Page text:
SEC Adopts Rules Permitting Electronic Signature Authorizations
The SEC this week adopted final rules that permit a signatory to an SEC filing to electronically sign a document that authenticates his or her typed signature in the filing.1 The rules were adopted without notice and comment because the SEC concluded the changes were simply administrative and did not affect any substantive rights. They apply to filings under the Securities Act, the Exchange Act and the Investment Company Act.
Currently, typed signatures are included in electronic filings made on EDGAR. Nothing about that process will change. Under the current rules, however, filers must obtain from the signatory a manually signed copy of the signature page or another document “authenticating, acknowledging or otherwise adopting his or her signature . . . ” executed before or at the time the filing is made. The SEC staff issued guidance in June 2020 that in light of COVID-19 it would not recommend enforcement action if signatories executed the signature page or authentication document before or at the time the filing and did their best to provide the filer such document as soon as reasonably practicable. This rule provides a more permanent and possibly less forgiving fix.
The SEC is setting forth the requirements for the electronic signature signing process in the EDGAR Filing Manual,2 such process must:
- Require the signatory to present a physical, logical, or digital credential that authenticates the signatory’s individual identity;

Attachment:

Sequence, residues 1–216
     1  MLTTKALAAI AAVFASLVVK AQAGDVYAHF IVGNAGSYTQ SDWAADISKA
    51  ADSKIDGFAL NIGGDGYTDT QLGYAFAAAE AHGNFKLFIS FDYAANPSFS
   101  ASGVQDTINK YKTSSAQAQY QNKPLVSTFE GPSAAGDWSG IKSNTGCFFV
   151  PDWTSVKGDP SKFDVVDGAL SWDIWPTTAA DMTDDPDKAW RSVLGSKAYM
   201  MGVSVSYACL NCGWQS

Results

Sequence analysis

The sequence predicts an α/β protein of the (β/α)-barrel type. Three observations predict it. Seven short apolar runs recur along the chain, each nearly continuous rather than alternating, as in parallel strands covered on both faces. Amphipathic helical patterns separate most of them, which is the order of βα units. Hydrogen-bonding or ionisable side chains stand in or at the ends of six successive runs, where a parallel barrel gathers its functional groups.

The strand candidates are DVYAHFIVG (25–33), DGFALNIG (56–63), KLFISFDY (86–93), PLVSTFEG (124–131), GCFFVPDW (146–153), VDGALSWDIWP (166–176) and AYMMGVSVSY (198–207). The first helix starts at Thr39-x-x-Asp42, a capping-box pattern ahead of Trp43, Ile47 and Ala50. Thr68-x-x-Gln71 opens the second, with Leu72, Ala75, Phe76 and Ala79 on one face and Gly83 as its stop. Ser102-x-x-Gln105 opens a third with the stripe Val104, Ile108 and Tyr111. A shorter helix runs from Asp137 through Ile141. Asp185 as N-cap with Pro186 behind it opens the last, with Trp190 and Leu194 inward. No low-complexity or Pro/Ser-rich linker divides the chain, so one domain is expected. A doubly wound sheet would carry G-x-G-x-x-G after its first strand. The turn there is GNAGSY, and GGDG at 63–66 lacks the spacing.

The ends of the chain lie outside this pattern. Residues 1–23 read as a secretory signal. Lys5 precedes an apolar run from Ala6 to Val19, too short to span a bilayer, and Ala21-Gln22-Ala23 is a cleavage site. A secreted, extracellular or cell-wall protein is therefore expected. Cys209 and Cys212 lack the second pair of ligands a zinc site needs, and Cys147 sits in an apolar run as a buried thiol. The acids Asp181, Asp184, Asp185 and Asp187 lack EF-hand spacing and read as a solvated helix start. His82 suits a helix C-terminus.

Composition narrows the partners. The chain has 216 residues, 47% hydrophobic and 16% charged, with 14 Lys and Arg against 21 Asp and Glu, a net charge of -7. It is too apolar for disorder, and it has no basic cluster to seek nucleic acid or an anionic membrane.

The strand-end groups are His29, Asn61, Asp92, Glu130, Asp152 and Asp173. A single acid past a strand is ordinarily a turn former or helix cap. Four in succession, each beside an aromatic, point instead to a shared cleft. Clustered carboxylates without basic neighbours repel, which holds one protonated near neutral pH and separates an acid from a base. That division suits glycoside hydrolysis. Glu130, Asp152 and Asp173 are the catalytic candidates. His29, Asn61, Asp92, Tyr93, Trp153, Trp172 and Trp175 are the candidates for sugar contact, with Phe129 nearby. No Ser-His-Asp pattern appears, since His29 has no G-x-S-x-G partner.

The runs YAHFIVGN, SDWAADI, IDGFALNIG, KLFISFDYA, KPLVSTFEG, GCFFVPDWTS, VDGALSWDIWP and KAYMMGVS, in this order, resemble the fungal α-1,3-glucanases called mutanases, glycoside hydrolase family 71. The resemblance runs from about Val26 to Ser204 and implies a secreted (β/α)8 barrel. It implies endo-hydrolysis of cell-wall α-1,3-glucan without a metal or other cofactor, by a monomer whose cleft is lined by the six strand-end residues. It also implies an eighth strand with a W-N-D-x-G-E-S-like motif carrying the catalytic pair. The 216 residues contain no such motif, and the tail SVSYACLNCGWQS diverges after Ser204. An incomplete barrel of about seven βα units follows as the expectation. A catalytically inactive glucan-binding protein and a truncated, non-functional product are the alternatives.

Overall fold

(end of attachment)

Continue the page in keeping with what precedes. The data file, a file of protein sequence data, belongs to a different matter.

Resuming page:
- Reasonably provide for non-repudiation of the signature (i.e., reasonable assurance that an individual cannot falsely deny having provided the signature);
- Provide that the signature be attached, affixed, or otherwise logically associated with the signature page or document being signed; and
- Include a timestamp to record the date and time of the signature.
The SEC intends for the process to be technologically neutral and providers of digital signature services will presumably meet these requirements.
The process does not dispense with manual signatures altogether. Before a signatory can use an electronic signature on an authentication document, the signatory must manually sign a document agreeing that the use of an electronic signature in any authentication document constitutes the legal equivalent of the individual’s manual signature for purposes of authenticating the signature to any filing for which it is provided. This acknowledgement must be kept for as long as the signatory uses an electronic signature to sign an authentication, but in no case less than seven (7) years after the date of the most recently signed authentication document.
If you have any questions about this alert or the final rules, please contact your regular Ropes & Gray advisor.